A federal court upheld Utah’s ban on polygamy Monday, adding to the drama surrounding the TLC reality television show, Sister Wives.
The 10th U.S. Circuit Court of Appeals dismissed a lawsuit filed six years ago by Kody Brown and his four “wives” to challenge the Utah law and re-instated a statute that makes bigamy a third-degree felony.
Salt Lake City is home to the Mormon church, which sanctioned polygamy until 1890 when Utah sought statehood. But some breakaway groups still encourage the practice.
Kody Brown is legally married to Meri Brown, but “spiritually married” to three other women. The Browns and their collective 17 children are members of the Apostolic United Brethren, a small sect of Mormonism that upholds the original doctrine of plural marriage.
The family became the subject of a reality TV show in 2010, although at the time a Utah law prohibited bigamy, including cohabitation with someone when already married to someone else. Local police initiated an investigation to see if the Browns were breaking state code.
Authorities brought no charges, but the Browns filed suit against Gov. Gary Herbert and Attorney General Mark Shurtleff, saying the state had infringed on their rights to privacy and religious freedom.
In 2013, a U.S. District Court ruled the state had violated the Browns’ rights and struck down part of Utah’s polygamy law.
But since the original investigators filed no charges—and would not have filed charges unless they detected criminal activity “such as fraud or abuse”—the Court of Appeals overturned that ruling on Monday.
“[Federal courts] lack power to decide issues—however important or fiercely contested—that are detached from a live dispute between parties,” the court wrote. “[The Browns’] suit was moot before the district court awarded them relief, and the court therefore lacked jurisdiction to decide the Browns’ claims.”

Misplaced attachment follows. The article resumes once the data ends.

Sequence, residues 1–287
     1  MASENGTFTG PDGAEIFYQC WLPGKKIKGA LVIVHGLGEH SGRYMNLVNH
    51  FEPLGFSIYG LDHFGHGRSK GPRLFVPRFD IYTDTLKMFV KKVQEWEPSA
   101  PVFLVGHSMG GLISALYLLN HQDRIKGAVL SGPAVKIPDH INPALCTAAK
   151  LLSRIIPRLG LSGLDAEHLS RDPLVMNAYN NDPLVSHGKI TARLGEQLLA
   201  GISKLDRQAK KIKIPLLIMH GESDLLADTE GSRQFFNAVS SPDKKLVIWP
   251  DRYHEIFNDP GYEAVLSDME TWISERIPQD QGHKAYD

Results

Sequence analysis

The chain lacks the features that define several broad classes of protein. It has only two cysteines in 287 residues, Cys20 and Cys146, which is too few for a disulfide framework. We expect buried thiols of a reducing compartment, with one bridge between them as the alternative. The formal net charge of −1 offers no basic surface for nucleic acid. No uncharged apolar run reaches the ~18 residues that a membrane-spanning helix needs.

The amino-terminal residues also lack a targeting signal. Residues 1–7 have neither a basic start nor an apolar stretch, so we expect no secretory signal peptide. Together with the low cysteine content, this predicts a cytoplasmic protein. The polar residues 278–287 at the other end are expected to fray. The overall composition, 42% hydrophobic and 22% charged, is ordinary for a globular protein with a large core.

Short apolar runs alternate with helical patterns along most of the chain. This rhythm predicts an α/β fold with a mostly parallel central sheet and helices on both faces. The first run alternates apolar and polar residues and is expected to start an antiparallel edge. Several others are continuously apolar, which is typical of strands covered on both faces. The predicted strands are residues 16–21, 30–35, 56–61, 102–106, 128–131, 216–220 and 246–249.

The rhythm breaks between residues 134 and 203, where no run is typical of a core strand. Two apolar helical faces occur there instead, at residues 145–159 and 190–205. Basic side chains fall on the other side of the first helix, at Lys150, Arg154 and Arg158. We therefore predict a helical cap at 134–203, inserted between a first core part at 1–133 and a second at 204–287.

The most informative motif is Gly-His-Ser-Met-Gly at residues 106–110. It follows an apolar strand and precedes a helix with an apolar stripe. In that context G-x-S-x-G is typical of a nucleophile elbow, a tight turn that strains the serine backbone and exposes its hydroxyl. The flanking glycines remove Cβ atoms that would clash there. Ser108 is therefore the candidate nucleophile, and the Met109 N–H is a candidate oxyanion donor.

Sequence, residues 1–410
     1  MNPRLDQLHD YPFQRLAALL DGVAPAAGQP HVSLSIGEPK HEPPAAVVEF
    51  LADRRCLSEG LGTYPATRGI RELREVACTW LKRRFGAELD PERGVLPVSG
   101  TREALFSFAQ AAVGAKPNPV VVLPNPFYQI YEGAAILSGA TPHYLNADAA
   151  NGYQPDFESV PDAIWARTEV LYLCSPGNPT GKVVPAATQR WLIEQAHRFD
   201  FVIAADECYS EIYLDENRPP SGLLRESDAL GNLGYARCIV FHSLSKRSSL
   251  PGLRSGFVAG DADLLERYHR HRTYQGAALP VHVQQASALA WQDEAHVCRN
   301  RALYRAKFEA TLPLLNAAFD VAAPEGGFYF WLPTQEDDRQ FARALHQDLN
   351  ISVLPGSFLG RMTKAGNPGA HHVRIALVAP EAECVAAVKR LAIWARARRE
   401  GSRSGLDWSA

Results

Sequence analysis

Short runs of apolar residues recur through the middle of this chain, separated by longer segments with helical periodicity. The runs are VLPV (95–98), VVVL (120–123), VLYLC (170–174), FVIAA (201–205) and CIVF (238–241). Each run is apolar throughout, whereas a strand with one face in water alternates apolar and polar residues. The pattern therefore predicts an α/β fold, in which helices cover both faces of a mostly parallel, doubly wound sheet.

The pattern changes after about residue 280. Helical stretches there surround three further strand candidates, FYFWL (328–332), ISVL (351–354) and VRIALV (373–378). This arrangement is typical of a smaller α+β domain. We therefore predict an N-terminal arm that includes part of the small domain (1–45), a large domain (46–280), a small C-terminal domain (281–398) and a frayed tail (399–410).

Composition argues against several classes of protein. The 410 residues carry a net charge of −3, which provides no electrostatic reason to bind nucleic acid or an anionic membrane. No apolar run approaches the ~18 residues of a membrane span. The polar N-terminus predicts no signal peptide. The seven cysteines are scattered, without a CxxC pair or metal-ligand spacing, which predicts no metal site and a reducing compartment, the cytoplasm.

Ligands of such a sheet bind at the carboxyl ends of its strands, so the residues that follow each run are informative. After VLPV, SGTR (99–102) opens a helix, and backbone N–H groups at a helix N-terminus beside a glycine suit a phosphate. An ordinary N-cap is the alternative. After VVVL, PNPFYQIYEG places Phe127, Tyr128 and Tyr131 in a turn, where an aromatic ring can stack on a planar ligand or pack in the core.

The Brown family plans to appeal the decision, according to their lawyer, Jonathan Turley.
“The Brown family is obviously disappointed in the ruling but remains committed to this fight for the protections of religion, speech, and privacy in Utah,” he wrote in a blog post. “We respectfully disagree with the decision, which in our view departs from prior rulings on standing and mootness.”
Although Utah may not prosecute anyone simply living in a polygamous relationship, it will prosecute for associated forms of domestic abuse, child abuse, or fraud, Parker Douglas, a prosecutor in the Utah attorney general’s office, told Salt Lake City’s KUTV.
“Sounds very nice to say, oh yes, they are all consenting adults, but when you get into the weeds and bushes and poke around, consent is a very complicated issue,” he said. Harmful activity in polygamous relationships can include “domestic abuse, child abuse, fraud of some kind.”
Some analysts believe polygamy bans will eventually fall in the wake of the U.S. Supreme Court’s decision to legalize same-sex marriage nationwide. Even Chief Justice John Roberts predicted the ruling in Obergefell v. Hodges would open the door to legalizing polygamy.
“Although the majority randomly inserts the adjective ‘two’ in various places, it offers no reason at all why the two-person element of the core definition of marriage may be preserved while the man-woman element may not,” he wrote in his dissenting opinion. “Indeed, from the standpoint of history and tradition, a leap from opposite-sex marriage to same-sex marriage is much greater than one from a two-person union to plural unions, which have deep roots in some cultures around the world. If the majority is willing to take the big leap, it is hard to see how it can say no to the shorter one. It is striking how much of the majority’s reasoning would apply with equal force to the claim of a fundamental right to plural marriage.”
— by Samantha Gobba